Republicans maintained control of the Senate in November and Walsh played a key role in that success. As RNC chief of staff, she not only led the committee to record-breaking fundraising, she also made a point of funneling money and resources back into ground operations in battleground states.
“We’re supporting their operations and doing everything we can to take the burdens off of them,” Walsh told The Hill. “If we can put additional field staff on the ground or provide additional data or analytics or whatever we can do to help register voters.”
Other Republican leaders give Walsh a lot of credit for the party’s recent successes. “The unbelievable success the Republican party had is built on the backs of a lot of really amazing men and women, and Katie’s been one of those leaders,” Republican National Adviser Jack Oliver, who first met Walsh and her family during Ashcroft’s 1994 Senate campaign, told KSDK.
7. She’s friends with a high-profile Democrat.
Walsh and Democratic National Committee CEO Amy Dacey might seem like natural enemies, but they’re actually on great terms. “Katie’s a hard person not to like,” Dacey told Glamour. “We met on an overseas trip and found out we had a lot in common. The reality is, there are only two jobs like this in the country, right? And we both have them.”
Walsh agreed, saying, “Party committees are such an interesting entity to run during a presidential election… Amy and I have a unique understanding of each other’s challenges.”
8. She played a key role in Trump’s White House but left for a pro-Trump political group.
At the White House, Walsh was helping to “oversee senior staff and manage the scheduling operation and Office of Public Liaison,” according to the Washington Post. When given the job, Oliver told KSDK, “As a quiet tactician, with great strength, but quiet strength, she has exactly the skill set to be a great leader for the president and one of the three most senior women in the White House today. And at 32 years old — it’s a testament to her capacity, her character, and her competencies.”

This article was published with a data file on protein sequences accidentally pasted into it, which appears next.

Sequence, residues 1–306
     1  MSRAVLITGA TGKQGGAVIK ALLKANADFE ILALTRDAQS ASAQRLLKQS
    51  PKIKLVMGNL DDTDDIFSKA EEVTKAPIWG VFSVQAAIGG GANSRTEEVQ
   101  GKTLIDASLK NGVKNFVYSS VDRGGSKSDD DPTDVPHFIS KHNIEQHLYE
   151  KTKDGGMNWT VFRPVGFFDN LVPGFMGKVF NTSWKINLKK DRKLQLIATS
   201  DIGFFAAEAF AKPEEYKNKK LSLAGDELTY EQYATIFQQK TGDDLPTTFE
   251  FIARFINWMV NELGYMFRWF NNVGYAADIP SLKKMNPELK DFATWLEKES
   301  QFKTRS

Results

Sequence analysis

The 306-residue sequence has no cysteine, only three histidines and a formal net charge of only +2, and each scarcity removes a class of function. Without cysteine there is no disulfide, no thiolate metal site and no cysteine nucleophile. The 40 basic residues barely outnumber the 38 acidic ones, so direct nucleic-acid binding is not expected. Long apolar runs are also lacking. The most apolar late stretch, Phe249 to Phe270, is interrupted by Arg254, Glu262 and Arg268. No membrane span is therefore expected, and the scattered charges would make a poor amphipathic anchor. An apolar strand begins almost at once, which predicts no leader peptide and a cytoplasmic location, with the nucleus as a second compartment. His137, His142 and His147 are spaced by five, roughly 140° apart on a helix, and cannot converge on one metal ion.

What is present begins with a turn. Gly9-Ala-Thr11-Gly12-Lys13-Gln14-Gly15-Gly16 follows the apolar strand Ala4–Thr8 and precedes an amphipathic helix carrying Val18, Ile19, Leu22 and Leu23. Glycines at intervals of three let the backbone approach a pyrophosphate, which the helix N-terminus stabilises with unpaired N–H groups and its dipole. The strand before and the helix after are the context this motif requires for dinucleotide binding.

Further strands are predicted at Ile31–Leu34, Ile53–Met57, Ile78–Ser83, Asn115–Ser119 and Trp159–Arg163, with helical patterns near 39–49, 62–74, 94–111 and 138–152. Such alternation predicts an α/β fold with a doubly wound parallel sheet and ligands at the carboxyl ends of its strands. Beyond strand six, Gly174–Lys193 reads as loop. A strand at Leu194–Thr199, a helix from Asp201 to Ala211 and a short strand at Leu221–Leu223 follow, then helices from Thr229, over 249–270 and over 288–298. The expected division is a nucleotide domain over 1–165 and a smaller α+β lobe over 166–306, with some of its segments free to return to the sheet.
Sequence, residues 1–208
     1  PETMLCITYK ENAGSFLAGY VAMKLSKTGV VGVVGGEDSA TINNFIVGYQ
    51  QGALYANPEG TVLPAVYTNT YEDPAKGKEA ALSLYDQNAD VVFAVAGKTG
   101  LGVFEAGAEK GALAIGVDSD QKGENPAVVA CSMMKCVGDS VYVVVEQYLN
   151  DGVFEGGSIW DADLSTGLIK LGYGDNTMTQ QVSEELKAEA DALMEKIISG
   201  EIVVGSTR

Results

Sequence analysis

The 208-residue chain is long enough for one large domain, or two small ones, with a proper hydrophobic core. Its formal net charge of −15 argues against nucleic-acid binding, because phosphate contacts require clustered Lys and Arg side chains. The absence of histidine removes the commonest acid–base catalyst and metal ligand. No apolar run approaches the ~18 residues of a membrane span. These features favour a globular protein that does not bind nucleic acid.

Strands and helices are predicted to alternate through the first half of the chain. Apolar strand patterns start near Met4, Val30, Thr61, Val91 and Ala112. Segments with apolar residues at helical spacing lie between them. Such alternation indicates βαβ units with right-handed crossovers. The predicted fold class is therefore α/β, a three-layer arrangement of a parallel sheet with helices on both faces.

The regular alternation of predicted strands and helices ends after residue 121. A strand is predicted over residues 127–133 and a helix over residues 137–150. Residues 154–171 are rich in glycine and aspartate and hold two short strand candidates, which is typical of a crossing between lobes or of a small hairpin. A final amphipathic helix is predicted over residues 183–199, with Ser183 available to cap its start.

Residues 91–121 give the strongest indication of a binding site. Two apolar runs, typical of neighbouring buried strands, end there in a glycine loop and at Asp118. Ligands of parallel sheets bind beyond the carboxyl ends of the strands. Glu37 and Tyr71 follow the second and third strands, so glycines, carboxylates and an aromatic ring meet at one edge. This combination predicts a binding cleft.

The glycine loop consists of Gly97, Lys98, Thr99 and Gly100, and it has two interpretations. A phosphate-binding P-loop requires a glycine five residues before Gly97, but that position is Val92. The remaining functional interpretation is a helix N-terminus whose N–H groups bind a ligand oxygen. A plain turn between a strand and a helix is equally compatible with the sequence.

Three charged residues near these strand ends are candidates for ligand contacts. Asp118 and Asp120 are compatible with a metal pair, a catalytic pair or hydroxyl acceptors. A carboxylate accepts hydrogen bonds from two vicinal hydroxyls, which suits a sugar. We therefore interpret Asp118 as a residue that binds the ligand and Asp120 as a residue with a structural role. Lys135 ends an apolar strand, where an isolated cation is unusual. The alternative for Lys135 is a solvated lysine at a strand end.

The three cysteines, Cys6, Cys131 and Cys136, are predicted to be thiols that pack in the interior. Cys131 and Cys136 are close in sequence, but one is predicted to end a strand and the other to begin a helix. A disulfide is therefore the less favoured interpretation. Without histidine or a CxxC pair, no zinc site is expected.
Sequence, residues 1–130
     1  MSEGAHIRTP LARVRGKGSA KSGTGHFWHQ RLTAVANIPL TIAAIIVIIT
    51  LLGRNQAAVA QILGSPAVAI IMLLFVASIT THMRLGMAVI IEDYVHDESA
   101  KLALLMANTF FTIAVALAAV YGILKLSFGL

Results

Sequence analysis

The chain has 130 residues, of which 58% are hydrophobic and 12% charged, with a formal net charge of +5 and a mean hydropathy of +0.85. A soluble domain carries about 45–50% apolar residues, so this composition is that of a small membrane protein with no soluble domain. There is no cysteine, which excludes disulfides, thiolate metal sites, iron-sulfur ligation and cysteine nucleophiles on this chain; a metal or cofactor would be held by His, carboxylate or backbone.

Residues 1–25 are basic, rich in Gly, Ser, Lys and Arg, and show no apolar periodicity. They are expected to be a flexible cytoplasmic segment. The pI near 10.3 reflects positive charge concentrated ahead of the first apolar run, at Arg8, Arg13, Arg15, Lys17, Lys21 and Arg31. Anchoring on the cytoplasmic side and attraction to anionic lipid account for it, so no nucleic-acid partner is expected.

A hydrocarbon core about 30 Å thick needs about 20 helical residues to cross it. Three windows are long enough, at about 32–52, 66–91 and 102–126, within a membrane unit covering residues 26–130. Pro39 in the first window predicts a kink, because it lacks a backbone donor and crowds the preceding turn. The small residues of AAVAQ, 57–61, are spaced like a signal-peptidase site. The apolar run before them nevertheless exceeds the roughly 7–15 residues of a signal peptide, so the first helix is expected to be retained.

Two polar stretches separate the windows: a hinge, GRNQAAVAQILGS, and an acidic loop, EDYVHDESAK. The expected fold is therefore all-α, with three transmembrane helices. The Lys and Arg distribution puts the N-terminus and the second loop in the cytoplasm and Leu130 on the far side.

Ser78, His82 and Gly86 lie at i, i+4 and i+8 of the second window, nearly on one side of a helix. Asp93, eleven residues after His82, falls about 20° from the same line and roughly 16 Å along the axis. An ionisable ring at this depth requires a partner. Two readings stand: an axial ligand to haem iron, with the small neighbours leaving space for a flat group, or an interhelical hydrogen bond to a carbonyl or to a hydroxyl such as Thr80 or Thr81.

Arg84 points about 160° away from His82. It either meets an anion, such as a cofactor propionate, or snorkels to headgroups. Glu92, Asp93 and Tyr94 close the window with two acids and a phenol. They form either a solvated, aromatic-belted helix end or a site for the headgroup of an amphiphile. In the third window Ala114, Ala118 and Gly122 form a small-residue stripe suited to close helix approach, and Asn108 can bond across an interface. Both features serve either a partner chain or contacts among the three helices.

On March 30, 2017, it was announced that Walsh would be leaving her role in the White House to join the pro-Trump nonprofit America First. According to Politico, Walsh would be serving as an adviser to the nonprofit, which has been struggling to get off the ground, as well as the RNC. A source close to Trump told Politico, “He basically took away Reince’s political secret service. She was his eyes and ears inside.”
Though Priebus trusted Walsh, Time reported that she struggled to “institute controls” within the White House, including which people could come into the Oval Office without a meeting. Some staffers also questioned her loyalties and fed negatives stories about her to publications like Breitbart.
According to Time, Walsh filled a void left by Rick Gates, who was forced to leave America First last week due to his ties to Russia and Ukraine.
9. She moved back to the RNC within months.
On July 21, 2017 Politico reported that Walsh was returning to the Republican National Committee to take a role as senior data and digital adviser. The decision was confirmed by an RNC spokesperson and was also signed off by the White House.
The job change was reported the same day as another Republican official shake-up: Sean Spicer resigned as White House press secretary, reportedly in protest of Trump’s hiring of Anthony Scaramucci as communications director, according to the New York Times.